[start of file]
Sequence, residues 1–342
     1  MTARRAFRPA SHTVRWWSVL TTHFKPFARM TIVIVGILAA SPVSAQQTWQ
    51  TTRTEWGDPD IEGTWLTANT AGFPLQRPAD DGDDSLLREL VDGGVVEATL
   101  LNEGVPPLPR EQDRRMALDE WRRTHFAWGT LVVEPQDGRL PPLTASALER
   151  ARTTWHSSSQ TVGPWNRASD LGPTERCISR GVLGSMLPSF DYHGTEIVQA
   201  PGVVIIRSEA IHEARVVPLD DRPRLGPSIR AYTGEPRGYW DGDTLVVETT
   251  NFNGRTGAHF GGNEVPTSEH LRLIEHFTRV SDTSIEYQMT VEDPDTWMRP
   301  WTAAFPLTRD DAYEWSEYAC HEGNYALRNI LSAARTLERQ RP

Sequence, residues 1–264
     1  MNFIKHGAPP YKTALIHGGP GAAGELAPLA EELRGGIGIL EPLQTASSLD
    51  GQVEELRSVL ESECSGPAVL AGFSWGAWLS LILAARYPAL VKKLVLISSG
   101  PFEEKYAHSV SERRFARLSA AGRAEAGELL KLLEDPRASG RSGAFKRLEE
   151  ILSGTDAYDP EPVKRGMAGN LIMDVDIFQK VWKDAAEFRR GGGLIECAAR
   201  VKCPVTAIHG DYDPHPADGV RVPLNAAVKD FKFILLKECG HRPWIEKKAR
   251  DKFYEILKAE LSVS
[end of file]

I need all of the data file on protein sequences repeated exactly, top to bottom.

Sequence, residues 1–342
     1  MTARRAFRPA SHTVRWWSVL TTHFKPFARM TIVIVGILAA SPVSAQQTWQ
    51  TTRTEWGDPD IEGTWLTANT AGFPLQRPAD DGDDSLLREL VDGGVVEATL
   101  LNEGVPPLPR EQDRRMALDE WRRTHFAWGT LVVEPQDGRL PPLTASALER
   151  ARTTWHSSSQ TVGPWNRASD LGPTERCISR GVLGSMLPSF DYHGTEIVQA
   201  PGVVIIRSEA IHEARVVPLD DRPRLGPSIR AYTGEPRGYW DGDTLVVETT
   251  NFNGRTGAHF GGNEVPTSEH LRLIEHFTRV SDTSIEYQMT VEDPDTWMRP
   301  WTAAFPLTRD DAYEWSEYAC HEGNYALRNI LSAARTLERQ RP

Sequence, residues 1–264
     1  MNFIKHGAPP YKTALIHGGP GAAGELAPLA EELRGGIGIL EPLQTASSLD
    51  GQVEELRSVL ESECSGPAVL AGFSWGAWLS LILAARYPAL VKKLVLISSG
   101  PFEEKYAHSV SERRFARLSA AGRAEAGELL KLLEDPRASG RSGAFKRLEE
   151  ILSGTDAYDP EPVKRGMAGN LIMDVDIFQK VWKDAAEFRR GGGLIECAAR
   201  VKCPVTAIHG DYDPHPADGV RVPLNAAVKD FKFILLKECG HRPWIEKKAR
   251  DKFYEILKAE LSVS